Measurements of Some Aerosol Properties Relevant to Radiative Forcing on the East Coast of the United States

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  • 1 Department of Atmospheric Sciences, University of Washington, Seattle, Washington
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Abstract

Airborne measurements of aerosol light-scattering efficiencies are presented for a portion of the northeast Atlantic seaboard of the United State during July 1993. The measurements suggest a value for the sulfate light-scattering efficiency in the range 2.2–3.2 m2 g−1, which is lower than the value used in recent modeling assessments of the climate impact of aerosols. In general the sulfate light-scattering efficiency decreased with increasing altitude in a manner consistent with concurrent measurements of aerosol size distributions. Some limited measurements of cloud condensation nuclei and sea-salt particles are also presented.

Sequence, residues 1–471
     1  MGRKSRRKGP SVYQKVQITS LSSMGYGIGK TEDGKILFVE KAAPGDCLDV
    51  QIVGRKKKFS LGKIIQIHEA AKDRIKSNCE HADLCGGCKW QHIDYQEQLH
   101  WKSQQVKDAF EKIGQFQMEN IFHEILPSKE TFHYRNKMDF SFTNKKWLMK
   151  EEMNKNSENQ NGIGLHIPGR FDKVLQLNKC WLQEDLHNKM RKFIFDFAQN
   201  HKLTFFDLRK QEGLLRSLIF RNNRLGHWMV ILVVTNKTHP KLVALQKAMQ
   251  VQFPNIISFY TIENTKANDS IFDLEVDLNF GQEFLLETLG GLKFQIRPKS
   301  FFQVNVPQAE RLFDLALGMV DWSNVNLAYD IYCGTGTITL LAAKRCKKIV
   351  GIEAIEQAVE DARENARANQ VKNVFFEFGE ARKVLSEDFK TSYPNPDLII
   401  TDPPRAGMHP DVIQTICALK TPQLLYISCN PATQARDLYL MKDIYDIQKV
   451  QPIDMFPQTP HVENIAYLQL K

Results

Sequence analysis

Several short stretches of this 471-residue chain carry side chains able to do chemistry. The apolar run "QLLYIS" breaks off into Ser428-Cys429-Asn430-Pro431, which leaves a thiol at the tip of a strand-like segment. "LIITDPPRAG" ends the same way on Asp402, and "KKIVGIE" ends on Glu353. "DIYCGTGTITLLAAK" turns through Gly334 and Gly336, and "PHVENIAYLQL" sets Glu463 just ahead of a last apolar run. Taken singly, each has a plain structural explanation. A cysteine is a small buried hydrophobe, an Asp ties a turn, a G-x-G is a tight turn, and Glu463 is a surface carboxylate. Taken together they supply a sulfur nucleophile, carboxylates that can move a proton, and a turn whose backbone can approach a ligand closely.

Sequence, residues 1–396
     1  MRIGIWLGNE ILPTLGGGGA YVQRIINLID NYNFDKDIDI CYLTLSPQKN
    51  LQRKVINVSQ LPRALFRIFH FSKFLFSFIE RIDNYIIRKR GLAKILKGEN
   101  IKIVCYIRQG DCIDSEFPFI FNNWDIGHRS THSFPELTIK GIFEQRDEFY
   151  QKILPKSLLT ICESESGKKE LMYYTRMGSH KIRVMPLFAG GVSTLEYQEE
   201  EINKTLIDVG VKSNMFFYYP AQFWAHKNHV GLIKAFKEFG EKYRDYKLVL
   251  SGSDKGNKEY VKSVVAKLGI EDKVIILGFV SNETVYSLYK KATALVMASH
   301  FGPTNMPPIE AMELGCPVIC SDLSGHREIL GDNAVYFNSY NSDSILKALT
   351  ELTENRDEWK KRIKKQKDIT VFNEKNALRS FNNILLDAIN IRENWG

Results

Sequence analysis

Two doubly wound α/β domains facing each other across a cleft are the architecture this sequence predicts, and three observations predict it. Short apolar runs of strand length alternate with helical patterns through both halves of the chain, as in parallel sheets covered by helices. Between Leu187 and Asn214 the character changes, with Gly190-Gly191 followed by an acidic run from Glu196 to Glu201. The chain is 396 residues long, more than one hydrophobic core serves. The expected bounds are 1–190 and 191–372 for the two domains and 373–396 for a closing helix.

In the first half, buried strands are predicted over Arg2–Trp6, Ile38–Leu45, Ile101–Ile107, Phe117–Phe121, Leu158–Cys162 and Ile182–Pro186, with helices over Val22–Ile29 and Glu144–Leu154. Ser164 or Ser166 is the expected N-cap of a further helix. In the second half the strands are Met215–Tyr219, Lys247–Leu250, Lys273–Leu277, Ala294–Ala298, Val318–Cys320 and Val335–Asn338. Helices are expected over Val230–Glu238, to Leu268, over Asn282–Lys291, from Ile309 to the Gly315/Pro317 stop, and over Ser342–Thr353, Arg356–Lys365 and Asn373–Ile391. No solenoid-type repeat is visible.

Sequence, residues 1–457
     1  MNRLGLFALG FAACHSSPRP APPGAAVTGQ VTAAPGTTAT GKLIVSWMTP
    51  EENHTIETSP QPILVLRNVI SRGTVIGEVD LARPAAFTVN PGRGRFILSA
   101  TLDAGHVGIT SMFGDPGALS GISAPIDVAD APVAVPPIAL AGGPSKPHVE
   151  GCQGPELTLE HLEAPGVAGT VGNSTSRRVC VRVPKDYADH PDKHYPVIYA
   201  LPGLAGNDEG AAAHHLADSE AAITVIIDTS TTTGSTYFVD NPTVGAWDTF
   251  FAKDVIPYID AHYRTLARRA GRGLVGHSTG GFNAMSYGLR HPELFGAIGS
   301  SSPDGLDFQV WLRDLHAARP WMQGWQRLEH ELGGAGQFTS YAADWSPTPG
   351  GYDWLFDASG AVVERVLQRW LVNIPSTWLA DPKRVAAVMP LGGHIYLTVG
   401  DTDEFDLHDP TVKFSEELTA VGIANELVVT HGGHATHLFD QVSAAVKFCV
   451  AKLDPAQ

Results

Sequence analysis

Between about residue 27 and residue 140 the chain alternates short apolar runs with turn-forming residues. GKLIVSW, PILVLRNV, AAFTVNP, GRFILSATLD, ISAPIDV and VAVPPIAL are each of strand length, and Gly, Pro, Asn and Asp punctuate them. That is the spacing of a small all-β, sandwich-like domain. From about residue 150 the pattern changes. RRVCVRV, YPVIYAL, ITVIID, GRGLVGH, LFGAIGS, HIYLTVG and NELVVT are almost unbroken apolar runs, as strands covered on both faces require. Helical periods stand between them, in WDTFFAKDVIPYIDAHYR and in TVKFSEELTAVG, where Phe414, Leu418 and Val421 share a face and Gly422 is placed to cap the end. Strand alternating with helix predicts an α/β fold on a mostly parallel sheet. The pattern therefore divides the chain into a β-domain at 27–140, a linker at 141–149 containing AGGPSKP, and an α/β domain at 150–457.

Abstract

Airborne measurements of aerosol light-scattering efficiencies are presented for a portion of the northeast Atlantic seaboard of the United State during July 1993. The measurements suggest a value for the sulfate light-scattering efficiency in the range 2.2–3.2 m2 g−1, which is lower than the value used in recent modeling assessments of the climate impact of aerosols. In general the sulfate light-scattering efficiency decreased with increasing altitude in a manner consistent with concurrent measurements of aerosol size distributions. Some limited measurements of cloud condensation nuclei and sea-salt particles are also presented.

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